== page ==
When it comes to stress and problem-drinking among lawyers, there are significant differences between the risk factors for men and women in the profession, according to a research study done last year with the cooperation of CLA members.
Members of CLA and the D.C. Bar, which also facilitated the research study, got a sneak preview of the findings during a webinar in late April. The full results will be released to the public on May 12 in conjunction with Mental Health Awareness Month.
The study was done last summer by surveying a random sampling of members of the D.C. and California bar associations. It measured levels of depression, anxiety, perceived stress, alcohol use, workplace permissiveness toward alcohol, work-family conflict, thoughts of leaving the profession, effort-reward imbalance, work overcommitment and perceived possibility of promotion.
The study also looked at what effect the COVID-19 pandemic had on anxiety and alcohol use.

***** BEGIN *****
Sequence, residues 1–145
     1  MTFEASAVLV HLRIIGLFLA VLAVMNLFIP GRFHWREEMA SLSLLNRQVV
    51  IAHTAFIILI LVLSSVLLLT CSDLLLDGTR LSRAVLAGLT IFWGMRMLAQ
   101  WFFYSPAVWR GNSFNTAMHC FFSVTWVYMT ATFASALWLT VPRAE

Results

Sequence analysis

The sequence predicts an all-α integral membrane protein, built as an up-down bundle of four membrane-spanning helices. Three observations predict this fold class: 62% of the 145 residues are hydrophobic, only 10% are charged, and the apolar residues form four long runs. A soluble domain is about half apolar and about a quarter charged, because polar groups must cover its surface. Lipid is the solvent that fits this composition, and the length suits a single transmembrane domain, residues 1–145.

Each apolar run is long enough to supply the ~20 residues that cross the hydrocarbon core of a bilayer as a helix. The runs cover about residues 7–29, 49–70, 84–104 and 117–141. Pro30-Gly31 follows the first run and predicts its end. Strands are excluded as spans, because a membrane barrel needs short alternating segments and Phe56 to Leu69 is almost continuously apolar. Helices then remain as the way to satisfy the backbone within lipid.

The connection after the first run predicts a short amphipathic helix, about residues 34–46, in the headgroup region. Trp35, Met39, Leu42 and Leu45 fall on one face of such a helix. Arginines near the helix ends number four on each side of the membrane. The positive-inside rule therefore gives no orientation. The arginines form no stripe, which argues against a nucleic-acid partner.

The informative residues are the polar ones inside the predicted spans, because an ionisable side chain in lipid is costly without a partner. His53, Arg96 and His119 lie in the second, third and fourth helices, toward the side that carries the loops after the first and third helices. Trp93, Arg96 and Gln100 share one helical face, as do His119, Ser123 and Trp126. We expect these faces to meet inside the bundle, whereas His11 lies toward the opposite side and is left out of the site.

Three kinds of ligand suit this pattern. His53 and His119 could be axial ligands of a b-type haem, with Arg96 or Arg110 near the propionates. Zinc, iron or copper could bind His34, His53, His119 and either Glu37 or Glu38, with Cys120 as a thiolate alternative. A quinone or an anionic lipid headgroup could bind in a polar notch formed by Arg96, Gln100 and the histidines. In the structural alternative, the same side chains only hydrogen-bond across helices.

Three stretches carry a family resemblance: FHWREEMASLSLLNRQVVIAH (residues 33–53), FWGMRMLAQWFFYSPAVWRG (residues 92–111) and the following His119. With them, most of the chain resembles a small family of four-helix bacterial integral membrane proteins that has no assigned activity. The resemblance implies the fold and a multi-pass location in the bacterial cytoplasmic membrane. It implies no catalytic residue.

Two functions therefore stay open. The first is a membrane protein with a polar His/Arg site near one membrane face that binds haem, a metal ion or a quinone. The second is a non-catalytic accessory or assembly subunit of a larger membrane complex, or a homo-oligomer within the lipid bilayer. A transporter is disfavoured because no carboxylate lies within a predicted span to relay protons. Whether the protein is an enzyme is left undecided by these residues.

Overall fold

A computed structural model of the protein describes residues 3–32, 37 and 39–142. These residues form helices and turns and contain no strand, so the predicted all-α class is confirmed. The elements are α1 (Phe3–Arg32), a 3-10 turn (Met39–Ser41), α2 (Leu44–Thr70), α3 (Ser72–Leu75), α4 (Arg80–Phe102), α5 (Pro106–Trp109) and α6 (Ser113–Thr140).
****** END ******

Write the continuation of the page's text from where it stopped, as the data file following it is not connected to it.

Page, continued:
Author and attorney well-being expert Patrick Krill, one of the study’s authors, said he hopes the results will help law schools and law firms develop strategies to prevent future problems as well as address existing ones.
A key focus of the May data release will be gender differences. Other recent studies have shown that the legal profession has been losing women, which is hurting efforts to diversify the profession. Krill said he hopes the study will inform efforts to address this attrition.
Future data will delve into value systems and how they impact mental health, personality and behavioral factors, racial disparities and the toll of burnout and stress on physical health.
“Having this rigorous data is a huge gift to those of us who make our living supporting the profession and supporting lawyers,” said CLA Executive Director Ona Alston Dosunmu.